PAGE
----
17 July 2010

Lyotard's 'Postmodern Condition' Part 1




"A self does not amount to much, but no self is an island; each exists in a fabric of relations that is now more complex and mobile than ever before. Young or old, man or woman, rich or poor, a person is always located at "nodal points" of specific communication circuits, however tiny these may be. Or better: one is always located at a post through which various kinds of messages pass. No one, not even the least privileged among us, is ever entirely powerless over the messages that traverse and position him at the post of sender, addressee, or referent" (Lyotard 15).

This quote actually exhibits some legitimate optimism.  The first sentence alone sums up a great deal of our present state; as individuals we realize that this conservative notion of strong individualism, penetrating beyond our cultural influences, is not possible, and that strictly enforcing our own individual interpretations and ideals does not construct a just a society. The second part of that sentence reinforces the latter claim, which I would suggest hints to how our culture is constructed.  We don't live in your classical authoritarian-style system.  There is not one individual or one ruling political party overseeing the creation and execution of legislation, or even one outside of influence, but there may as well be.  Because individually we are not each "an island," we are inherently connected to other people.  How we use those connections to break the cultural mold is the matter at hand.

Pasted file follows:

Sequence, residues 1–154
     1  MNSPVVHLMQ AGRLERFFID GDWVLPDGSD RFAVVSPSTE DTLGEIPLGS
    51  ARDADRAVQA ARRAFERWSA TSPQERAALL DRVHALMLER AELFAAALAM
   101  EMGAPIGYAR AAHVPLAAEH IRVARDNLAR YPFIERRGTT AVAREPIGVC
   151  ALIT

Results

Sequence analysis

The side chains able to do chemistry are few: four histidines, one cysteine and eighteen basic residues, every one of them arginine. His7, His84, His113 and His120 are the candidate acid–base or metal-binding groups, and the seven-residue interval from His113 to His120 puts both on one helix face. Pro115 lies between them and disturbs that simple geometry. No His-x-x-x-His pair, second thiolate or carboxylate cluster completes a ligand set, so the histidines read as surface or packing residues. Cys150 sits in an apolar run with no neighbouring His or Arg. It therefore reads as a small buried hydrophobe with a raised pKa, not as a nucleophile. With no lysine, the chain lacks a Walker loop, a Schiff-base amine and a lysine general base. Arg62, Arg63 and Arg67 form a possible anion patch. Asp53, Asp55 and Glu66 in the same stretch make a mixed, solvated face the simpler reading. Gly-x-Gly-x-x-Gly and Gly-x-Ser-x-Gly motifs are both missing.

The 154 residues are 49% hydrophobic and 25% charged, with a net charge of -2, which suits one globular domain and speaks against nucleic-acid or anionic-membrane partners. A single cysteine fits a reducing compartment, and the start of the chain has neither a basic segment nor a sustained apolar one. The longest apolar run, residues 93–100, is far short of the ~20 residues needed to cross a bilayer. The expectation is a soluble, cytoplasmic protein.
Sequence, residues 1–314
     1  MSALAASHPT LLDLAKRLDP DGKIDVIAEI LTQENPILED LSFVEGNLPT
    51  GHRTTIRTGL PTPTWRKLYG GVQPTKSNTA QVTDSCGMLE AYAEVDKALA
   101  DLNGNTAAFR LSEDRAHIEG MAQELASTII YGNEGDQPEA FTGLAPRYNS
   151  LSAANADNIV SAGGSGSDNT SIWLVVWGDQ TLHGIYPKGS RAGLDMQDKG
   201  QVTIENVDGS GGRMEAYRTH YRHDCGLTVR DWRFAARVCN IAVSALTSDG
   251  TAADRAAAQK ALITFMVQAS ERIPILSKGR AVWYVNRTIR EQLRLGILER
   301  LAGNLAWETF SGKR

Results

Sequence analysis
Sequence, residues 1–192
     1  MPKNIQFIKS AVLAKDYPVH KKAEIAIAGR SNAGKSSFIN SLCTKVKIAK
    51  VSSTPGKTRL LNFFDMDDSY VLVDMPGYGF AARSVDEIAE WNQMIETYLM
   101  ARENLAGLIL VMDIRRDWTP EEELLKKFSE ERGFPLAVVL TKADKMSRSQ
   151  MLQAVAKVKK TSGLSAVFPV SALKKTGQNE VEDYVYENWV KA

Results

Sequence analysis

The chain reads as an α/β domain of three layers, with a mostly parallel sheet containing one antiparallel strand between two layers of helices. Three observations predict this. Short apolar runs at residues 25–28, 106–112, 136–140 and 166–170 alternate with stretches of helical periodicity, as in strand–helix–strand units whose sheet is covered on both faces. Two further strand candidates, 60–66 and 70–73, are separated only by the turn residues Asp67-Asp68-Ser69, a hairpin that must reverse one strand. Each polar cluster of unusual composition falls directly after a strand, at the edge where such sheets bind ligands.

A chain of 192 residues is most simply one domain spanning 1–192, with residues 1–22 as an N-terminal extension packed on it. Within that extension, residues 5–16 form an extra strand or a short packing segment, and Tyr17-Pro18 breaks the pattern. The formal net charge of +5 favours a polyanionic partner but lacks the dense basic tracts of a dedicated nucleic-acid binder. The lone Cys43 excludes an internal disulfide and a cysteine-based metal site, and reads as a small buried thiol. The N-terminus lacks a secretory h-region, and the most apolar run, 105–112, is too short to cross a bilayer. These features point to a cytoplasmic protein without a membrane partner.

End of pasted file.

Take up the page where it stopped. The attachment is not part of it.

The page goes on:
When I say that the writing of our rules may as well be under the supervision of one political party I mean that the sphere of knowledge and discourse seems to be extremely limited.  "One can decide that the principal role of knowledge is as an indispensable element in the functioning of society, and act in accordance with that decision, only if one has already decided that society is a giant machine." (Lyotard 13).  I think it is safe to assume that we are already past this axiomatic point, that it has been reified into our social structure that we must use our knowledge toward something.  How one interprets that leads to two options: the notion of "relevant" knowledge for the machine, knowledge that will make it perform better, faster.  Then, the displaced, "critical," as opposed to "functional" knowledge, which exists really only in academia and maybe gets channeled into a coffee shop discussion or something to that effect.  The functional knowledge exists in its own cultural realm and dismisses the critical realm.  Before reading this I had not really made the distinction between the two, but it makes sense.  Lyotard further develops the distinction into Scientific Knowledge and Narrative.  Our culture is Narrative-oriented, in that it relies more so on the power of storytelling, presentation, personality, etc. to win people over, as opposed to Scientific Knowledge which dismisses those aspects and is in favor of empirical data and acceptance of hypotheses and studies from the experts in their field.  The conversation that they have within their own community is a self-sustaining one, and in turn the cultural, Narrative community has followed suit.  "Narratives, as we have seen, determine criteria of competence and/or illustrate how they are to be applied. They thus define what has the right to be said and done in the culture in question, and since they are themselves a part of that culture, they are legitimated by the simple fact that they do what they do" (23).  And this makes sense.  What southern politician thinks, "Hey, let's listen to the experts, even though their ideas will stifle the economy and make everyone in my jurisdiction vote against me, instead favoring the candidate who can turn shit into gold with his words," legitimately and not sarcastically?  Both the critical and cultural realms exist to sustain themselves, but the critical realm questions the use of the machine, making it perform shoddier than the cultural one.  So those within the cultural, Narrative conversation, having their sense of knowledge shaped with the idea of "progress," not seeing the point in questioning why the machine works the way it does, but how the machine works and how to make it work better, do not see the "usefulness" in the critical, Scientific Knowledge realm; the formed mentality in the two distinctions see the other as harming the achievement of their respective goals.  And this is where dismissive prejudices like "pretentious," "arrogant," "useless", or "ignorant, "greedy," "selfish" etc. come into play (although there definitely are people in both communities who are all of those things).